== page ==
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Get the Best Price for Your Soybeans 

What are some ways a grower can ensure they will get the best price when selling soybeans?

By John Dietz

Interviewed in early September, Alan Kluis, the president and managing partner of Kluis Commodities, Wayzata, Minnesota, was saying that the next “best time” to sell soybeans will probably begin in the second half of November and run until the year end.

If that holds true, the beans in your bins should be sold by then. After that, it may be May again before there’s another good pricing opportunity.

Probably, now is the worst possible time to sell your soybeans, according to Kluis.

The problem is, soybean markets are seasonal – and the seasonal timing changes.

“Right now, the demand for soybeans is huge from China,” Kluis says. “As someone who’s traded for over 40 years, I can say you generally want to be selling your crop ahead — during the May-June time period.”

In May and June, growers had their last good pre-harvest sales opportunity. The futures price on the Chicago Board of Trade was U.S. $10.50 to $11.00 per bushel.

Now, with harvest about to start, the seasonal low is approaching.

“The seasonal low in soybeans is between the first of part of October and the first part of November. This is a time to avoid making sales. If you can hold off, quite often there’s a window between mid-November and the end of December that gives a better selling opportunity than the month of October,” Kluis says. “For now, try to store the beans. Try to maintain ownership.”

But, seasonal cycles change. The timing of seasonal soybean lows is variable. Sometimes the low cycle starts in early September; it can also be delayed into late November.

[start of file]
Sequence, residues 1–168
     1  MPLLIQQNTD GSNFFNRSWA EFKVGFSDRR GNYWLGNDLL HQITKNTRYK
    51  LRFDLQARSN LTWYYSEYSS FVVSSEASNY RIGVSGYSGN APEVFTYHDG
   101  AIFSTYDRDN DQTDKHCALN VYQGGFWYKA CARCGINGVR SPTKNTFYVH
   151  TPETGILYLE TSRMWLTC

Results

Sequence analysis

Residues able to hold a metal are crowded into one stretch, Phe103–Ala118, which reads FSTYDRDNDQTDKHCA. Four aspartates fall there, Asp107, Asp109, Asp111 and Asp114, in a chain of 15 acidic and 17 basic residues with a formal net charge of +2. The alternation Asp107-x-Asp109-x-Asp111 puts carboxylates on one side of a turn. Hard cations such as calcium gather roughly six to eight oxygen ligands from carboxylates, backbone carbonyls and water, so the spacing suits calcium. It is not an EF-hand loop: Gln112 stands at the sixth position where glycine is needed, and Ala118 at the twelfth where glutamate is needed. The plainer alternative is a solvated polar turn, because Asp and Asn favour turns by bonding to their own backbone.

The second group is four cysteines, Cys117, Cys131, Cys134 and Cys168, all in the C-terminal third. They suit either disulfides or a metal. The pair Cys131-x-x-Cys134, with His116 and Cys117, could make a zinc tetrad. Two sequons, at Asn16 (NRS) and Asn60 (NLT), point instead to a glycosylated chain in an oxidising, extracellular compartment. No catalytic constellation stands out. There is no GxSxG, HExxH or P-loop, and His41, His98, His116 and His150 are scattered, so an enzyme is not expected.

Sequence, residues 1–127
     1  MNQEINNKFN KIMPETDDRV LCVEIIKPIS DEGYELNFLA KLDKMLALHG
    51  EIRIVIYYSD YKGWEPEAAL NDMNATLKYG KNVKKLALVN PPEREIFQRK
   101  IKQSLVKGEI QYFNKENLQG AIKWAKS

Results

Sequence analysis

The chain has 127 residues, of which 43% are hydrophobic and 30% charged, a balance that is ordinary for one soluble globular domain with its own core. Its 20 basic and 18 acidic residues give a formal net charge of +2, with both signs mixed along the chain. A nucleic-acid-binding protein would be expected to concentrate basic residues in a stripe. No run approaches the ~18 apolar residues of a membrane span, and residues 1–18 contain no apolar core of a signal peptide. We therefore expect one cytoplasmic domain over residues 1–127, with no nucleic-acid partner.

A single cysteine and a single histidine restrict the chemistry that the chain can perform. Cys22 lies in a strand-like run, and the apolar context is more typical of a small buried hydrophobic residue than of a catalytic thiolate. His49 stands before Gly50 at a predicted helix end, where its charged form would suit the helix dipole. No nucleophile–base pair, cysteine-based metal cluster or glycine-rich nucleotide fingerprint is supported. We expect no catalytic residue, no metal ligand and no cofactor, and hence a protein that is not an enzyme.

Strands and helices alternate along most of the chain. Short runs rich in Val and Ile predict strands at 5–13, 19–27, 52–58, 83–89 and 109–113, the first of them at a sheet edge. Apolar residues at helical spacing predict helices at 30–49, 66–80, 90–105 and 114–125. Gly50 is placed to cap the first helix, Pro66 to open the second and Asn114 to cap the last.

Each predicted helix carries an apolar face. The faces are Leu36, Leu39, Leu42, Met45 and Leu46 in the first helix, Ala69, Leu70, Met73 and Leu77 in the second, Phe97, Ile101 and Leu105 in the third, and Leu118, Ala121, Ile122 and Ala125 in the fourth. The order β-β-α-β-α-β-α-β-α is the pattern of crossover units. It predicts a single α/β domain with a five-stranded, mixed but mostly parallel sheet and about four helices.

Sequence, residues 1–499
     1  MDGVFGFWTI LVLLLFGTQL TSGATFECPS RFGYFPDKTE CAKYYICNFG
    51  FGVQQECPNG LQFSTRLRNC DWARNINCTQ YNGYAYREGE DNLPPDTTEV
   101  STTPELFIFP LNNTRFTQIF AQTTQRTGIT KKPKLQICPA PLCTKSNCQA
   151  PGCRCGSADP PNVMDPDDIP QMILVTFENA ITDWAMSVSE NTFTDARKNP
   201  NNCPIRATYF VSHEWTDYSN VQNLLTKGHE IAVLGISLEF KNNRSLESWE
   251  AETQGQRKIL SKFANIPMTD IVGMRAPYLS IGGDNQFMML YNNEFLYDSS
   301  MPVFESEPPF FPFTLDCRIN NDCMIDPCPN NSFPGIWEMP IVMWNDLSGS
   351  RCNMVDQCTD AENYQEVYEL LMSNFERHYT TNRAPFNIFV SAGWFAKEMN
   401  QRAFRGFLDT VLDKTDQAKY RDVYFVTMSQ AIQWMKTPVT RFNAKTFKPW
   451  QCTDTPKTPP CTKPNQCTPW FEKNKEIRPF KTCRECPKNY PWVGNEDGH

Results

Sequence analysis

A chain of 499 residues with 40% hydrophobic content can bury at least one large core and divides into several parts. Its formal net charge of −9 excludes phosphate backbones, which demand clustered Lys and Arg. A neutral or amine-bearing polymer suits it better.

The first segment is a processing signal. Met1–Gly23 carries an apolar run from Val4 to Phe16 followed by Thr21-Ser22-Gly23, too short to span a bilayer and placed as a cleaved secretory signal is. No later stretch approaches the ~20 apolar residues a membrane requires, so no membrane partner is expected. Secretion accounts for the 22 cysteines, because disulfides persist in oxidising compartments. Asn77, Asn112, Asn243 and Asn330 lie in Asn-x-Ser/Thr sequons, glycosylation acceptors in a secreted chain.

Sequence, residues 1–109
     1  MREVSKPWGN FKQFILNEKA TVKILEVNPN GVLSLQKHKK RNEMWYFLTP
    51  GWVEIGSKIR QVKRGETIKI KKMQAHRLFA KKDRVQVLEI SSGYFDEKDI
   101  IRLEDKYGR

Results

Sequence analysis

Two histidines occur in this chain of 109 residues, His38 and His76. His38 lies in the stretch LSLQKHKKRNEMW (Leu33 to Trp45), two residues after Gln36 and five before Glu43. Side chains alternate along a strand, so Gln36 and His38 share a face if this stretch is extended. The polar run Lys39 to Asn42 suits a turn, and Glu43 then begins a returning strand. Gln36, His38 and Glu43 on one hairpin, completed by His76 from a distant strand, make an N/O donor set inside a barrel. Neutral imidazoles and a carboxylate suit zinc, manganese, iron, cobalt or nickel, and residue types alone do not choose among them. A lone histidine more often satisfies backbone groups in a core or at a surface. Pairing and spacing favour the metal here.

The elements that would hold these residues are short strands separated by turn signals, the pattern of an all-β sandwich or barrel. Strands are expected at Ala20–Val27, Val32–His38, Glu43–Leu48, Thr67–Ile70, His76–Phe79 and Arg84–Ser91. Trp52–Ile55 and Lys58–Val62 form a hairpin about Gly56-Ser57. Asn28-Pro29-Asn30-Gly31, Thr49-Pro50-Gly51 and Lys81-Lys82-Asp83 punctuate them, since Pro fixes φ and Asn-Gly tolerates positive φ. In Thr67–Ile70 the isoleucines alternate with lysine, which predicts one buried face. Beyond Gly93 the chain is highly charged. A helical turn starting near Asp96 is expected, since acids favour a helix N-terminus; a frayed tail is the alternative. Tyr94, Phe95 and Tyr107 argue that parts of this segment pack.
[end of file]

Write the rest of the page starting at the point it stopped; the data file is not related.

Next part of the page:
When the low cycle does begin, it can last a couple months. As a general rule, always avoid selling in October and February.

The cycle will turn up again.

Kluis is blunt on this: “When you get a new seasonal selling opportunity, you have to be disciplined and sell the hell out of it.”

Is the May-June high predictable?

“Every year is different, but it works about 80 percent of the time. This is a complicated business; I’ve done this for 40 years, and it has worked for 30 of those years,” he says. “2012 was an exception. Everything went pop all year. You had major highs in September. The people that did nothing that year made out very well, but that’s unusual.”

Sell 10 percent, ten times!

There’s a whole other article in the details of “how to” sell, but it boils down to a choice: sell for cash now, or sell ahead for future delivery. The choice depends on the grower and the grower’s comfort with risk.

“If a guy is comfortable selling cash, that’s what he’s going to do. If a guy is more sophisticated, watching his futures, he can sell into that,” Kluis says.

To spread the risk, have a plan in place. Set some price targets that are above the current market, and try to wait for a rally.

“If you need to sell some, and if the Board of Trade gets back up to $10.20 or $10.50, you should take advantage of the rally. We are seeing some very, very volatile commodity markets. It’s possible that you may have multiple sales plans in a short time.”

Kluis suggests, “Do ten sales of 10 percent to spread your risk.”

As prices begin to rise, sell once; if the market goes higher, sell another again.

“Last June, we sold about 40 percent of the crop in one week. The market was heading up, up, and away, and we just kept selling into it. We sold cash crop from 2015 into it, and we sold a lot of the 2016 crop. By July, the market tipped over and those sales all looked good,” he says.

So, what’s a safe call for forward selling in June?

“Look back at your historic average,” he says. “We have forward sold what we thought was 60 percent of a conservative yield. In the event of a major shortfall, grain companies will work with you because they want to buy your grain again in the future.”

Timing soybean sales on convenience, cash flow needs, or travel plans is really risky.

The idea that you’re going to sit on your farm and be able to hit the highs in the market is really not good risk management. Once prices start to move up, you stay on it. You just sell units of 10 percent, and you never look back, he says.

“You’ve got two risks: production and price. You have to balance the two, and you have to stay in your comfort zone.”